Computer viruses got their name for their ability to “infect” a lot of files on a computer. They also spread to other machines when infected files are sent by email or transferred by users on physical media, for example, on USB drives or (previously) on floppy disks. According to the National Institute of Standards and Technology (NIST), the first computer virus called “Brain” was written in 1986 by two brothers in order to punish pirates stealing software from the company. The virus infected the boot sector of floppy disks and was transmitted to other computers through copied infected floppy disks.

  1. Worms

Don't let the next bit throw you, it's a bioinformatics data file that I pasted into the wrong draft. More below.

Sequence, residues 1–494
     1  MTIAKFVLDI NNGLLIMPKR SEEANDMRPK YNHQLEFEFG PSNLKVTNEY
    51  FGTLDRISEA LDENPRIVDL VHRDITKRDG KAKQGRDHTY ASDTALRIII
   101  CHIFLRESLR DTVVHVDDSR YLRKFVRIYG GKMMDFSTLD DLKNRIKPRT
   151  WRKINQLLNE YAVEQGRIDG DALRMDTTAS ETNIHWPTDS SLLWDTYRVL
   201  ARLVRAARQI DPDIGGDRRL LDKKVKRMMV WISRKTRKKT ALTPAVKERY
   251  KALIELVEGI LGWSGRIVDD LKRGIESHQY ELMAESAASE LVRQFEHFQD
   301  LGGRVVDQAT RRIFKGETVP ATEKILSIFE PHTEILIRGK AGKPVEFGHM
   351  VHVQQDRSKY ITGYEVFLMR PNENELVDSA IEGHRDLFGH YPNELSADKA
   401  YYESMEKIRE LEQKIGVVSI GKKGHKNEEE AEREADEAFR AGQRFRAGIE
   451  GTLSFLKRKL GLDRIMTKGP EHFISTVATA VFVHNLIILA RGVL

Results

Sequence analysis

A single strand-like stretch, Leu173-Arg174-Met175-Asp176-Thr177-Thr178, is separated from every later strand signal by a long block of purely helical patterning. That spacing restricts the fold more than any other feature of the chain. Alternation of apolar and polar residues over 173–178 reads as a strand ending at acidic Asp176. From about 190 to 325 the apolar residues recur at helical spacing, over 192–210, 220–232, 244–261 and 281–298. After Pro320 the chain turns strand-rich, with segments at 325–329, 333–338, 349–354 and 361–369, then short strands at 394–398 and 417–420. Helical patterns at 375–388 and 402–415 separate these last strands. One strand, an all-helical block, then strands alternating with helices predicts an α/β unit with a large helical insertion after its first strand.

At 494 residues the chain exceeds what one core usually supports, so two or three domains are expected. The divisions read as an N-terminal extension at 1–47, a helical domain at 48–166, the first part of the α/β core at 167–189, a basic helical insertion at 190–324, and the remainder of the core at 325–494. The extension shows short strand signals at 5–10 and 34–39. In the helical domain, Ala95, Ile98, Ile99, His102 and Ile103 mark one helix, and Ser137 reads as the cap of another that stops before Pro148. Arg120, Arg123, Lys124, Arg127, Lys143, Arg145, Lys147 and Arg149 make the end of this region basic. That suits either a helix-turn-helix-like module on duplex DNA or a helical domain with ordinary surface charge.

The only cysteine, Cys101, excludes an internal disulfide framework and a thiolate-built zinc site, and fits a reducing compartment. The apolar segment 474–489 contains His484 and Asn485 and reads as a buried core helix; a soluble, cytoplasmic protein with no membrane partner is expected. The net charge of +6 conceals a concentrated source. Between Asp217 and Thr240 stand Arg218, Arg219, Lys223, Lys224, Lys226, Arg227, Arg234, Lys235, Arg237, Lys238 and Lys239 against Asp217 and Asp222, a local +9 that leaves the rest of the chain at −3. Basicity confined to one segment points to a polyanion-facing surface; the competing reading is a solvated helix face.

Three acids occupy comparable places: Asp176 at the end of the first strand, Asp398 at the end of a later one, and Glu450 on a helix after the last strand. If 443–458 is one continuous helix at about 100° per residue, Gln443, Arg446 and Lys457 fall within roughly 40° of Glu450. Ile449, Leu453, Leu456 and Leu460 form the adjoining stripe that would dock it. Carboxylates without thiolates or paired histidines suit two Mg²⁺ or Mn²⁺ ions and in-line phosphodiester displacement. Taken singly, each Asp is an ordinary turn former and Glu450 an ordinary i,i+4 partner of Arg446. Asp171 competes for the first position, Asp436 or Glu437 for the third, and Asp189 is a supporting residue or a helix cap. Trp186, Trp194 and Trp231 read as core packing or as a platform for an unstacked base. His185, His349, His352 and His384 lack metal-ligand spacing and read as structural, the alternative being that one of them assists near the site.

Unlike viruses, worms do not require human intervention to spread: they infect one computer, and then spread through computer networks to other machines without the participation of their owners. Using network vulnerabilities, for example, flaws in mail programs, worms can send thousands of copies of themselves and infect all new systems, and then the process begins again. In addition to the fact that many worms simply “eat up” system resources, thereby reducing computer performance, most of them now contain malicious “components” designed to steal or delete files.